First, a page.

85. This did not work for me, I seem to be the only one so I hate to even throw this out there, since I feel like it might be user error.  I am not heavily experienced in adobe,  I usually have minutes to put together something for my company and use photoshop if it is 20 or more minutes and publisher if I have even less time.  I appreciate someone bridging the gap between the office side and the design side.  Once I had 20 minutes to remove the background from a complicated photo.  After doing so super quickly to meet the print deadline everything looked great.  The next day they wanted the same ad on a 6 foot banner.  No one understood why it took so long to redo the thing I had done already.  They don’t get why you can’t turn a business card on red cardstock into full page ad, and you can crop and paste elements and get asked why it looks grainy or spend hours redesigning it, matching text etc… to be asked why you wasted so much time.  So the simple fact that art people are still trying for business people is astounding.  That being said, no one in the business world understands or cares about things the way art people do.  I am sad when I make something magical and people slaughter it with suggestions and changes so by all means you have the right to be upset if someone prints your work low quality or bastardizes your text.  But give us a break.  The boss tells people like me to print and we don’t have time to load the letterhead in the printer sometimes we just need it on the computer.  And yes I have multiple drawers of paper types on multiple printers and notes on the printers saying, “do not adjust paper tray settings or refill drawers, ask for help”.  But someone always has to ruin it for the rest of us.  Bottom line is, everything yall do is great.  But rarely does anyone in the business world have the mindset/talent/schooling/appreciation for it.  Once I made beautiful letterhead.  A year later a new girl changed hers to be green lettering with 3 fonts.  Everyone loved it.  There was no way to explain to the lady who uses comic sans as her everyday font why mine was better.  I know why you do it.  I always secretly hope no one with a design degree looks closely at some of my stuff.  After reading tons of comments I really appreciate the tips and sympathize with the complaints.  I still don’t know why I can’t work it out.  I saved it as both types of file in illustrator, neither will open in word.  I will have to do it another way but hopefully I can master it incase I ever need it.  Oh and I am using cs5 and office 2007 and 2010 wouldn’t open the files.  Seriously might be me.  I guess I wanted my story outthere in case it helped bridge the gap.  And sorry for saying art vs business, that’s just what my sister and I call it.  Oh and I know publisher has a bad rep on the artsy side but I tend to use it as my document software because word can be so frustrating with the limitations.   So I’m gonna go use one of the simple methods that lose quality to make my letterhead work. And thanks for all the suggestions that made me realize there was an easy way if I wasn’t going for high quality!

  86. THANK YOU.  Worked like a charm. Crisp and beautiful using .png.

  87. I am a designer, but I work in an educational setting where Microsoft Office reins supreme, so I’ve had to except the many limitation of this software. I build as much as possible outside of the Office programs and just rebuild in Word or PowerPoint. Even though this would not be my first choice, my clients (a.k.a. technology-challenged faculty) are pleased, which works for me!

  88. Anne-Marie, have you tried saving an InDesign file in PDF, opening it in Acrobat (not Reader) and doing “Save As Other…/Microsoft Word/Word Document”? It’s like magic. I have done a product page for a client recently, which included three column tables and an image of a product and was amazed how well it came out. I could’t have done it better in Word in a day, had I built it there from scratch. And all it took was about 30 seconds of my day (my product page was already in InDesign). It also saved me a headache and a lot of swearing! Thank you Acrobat. 🙂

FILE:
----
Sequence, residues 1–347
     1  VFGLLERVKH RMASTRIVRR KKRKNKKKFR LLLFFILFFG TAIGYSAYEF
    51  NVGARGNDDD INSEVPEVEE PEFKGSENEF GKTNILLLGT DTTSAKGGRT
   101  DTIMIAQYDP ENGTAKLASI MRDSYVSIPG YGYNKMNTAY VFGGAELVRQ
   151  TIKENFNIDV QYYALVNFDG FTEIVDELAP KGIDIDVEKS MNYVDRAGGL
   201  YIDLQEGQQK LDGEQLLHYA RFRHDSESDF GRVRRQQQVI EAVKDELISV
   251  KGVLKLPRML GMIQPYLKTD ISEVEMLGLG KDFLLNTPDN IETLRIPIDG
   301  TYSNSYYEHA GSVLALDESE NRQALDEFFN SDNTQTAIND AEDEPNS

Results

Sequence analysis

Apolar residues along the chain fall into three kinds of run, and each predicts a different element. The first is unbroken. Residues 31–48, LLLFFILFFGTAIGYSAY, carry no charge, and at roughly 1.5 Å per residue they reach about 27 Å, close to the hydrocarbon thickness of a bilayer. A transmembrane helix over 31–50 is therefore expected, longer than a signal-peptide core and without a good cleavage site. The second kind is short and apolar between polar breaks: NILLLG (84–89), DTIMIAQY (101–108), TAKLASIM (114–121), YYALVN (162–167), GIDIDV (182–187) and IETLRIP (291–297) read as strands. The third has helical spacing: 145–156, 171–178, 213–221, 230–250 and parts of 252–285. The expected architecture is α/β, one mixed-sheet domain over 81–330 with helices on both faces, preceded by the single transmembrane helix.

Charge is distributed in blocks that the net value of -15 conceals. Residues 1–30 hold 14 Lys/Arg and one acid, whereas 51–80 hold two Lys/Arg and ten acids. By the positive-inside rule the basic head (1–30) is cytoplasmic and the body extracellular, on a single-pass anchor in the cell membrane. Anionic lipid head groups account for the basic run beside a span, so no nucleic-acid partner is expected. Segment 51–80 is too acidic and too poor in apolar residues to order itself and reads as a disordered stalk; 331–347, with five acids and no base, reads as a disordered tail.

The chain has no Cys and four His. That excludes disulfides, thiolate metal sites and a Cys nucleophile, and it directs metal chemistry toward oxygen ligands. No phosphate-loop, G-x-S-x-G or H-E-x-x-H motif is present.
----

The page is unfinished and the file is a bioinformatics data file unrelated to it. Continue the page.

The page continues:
• Anne-Marie Concepcion

      March 12, 2015 at 2:30 pm

      Jan, cool! I have had little luck on the Mac side with Acrobat’s Save As Word. Curious if you were on a Mac or on Windows, and which ver of Acro and Office are you using?

  89. Gary Schelling

    March 12, 2015 at 3:42 pm

    Anne-Marie, I’ve been doing something similar to thisprocess for a while now. All my small business clients want e-letterhead! (I’ve had a couple who ask for business card “blanks” too, and it’s not very different.) When you mentioned “export selected” in Illustrator, I thought “you should be able to do that,” and it turns out you can. The secret is nesting your artboards. Make each letterhead segment a new artboard, snapped to the edges of the art. Then, when you export yor artwork, select the use artboards option at the bottom of the save box. Alas, this technique only works for PNGs, not EMFs or WMFs.Cheers!

  90. Lukas Engqvist

    April 2, 2015 at 6:55 pm

    I teach my students to convert via PDF. Still needs some massage in word but at a crunch Indd to PDF and then save as word is a quick fix 🙂 styles need a bit of tweasking, and some text is best to create outlines so that word doesn’t mess things up.

  91. Thank you so much for this. Life saving stuff.

  92. Thank you! Your information was very helpful and relevant as someone still using CS4.

  93. I have a physical letterhead of the company where i work with recommendation.It is hand written,will it be okay?

  94. help please update this tutorial for those in cs6 and above!

  95. Is there a reason when viewing image that was inserted appears to be a watermark, with transparency…not sure how to fix this?

  96. If you are only worried about a single page layout, I export my design as a full page and use the watermark feature. I don’t decrease the opacity. It works for me and is duplicated if they add another page. I still have not figured out how to use a second page option though. Hopefully this will work for someone else too..

  97. I should have given some more detail. I export my layout from Indesign as a High Res. PDF. In Word I import my layout as a watermark, the image does not look bad. It does not look like awful like a jpg and png file.

Leave a comment

Your email address will not be published.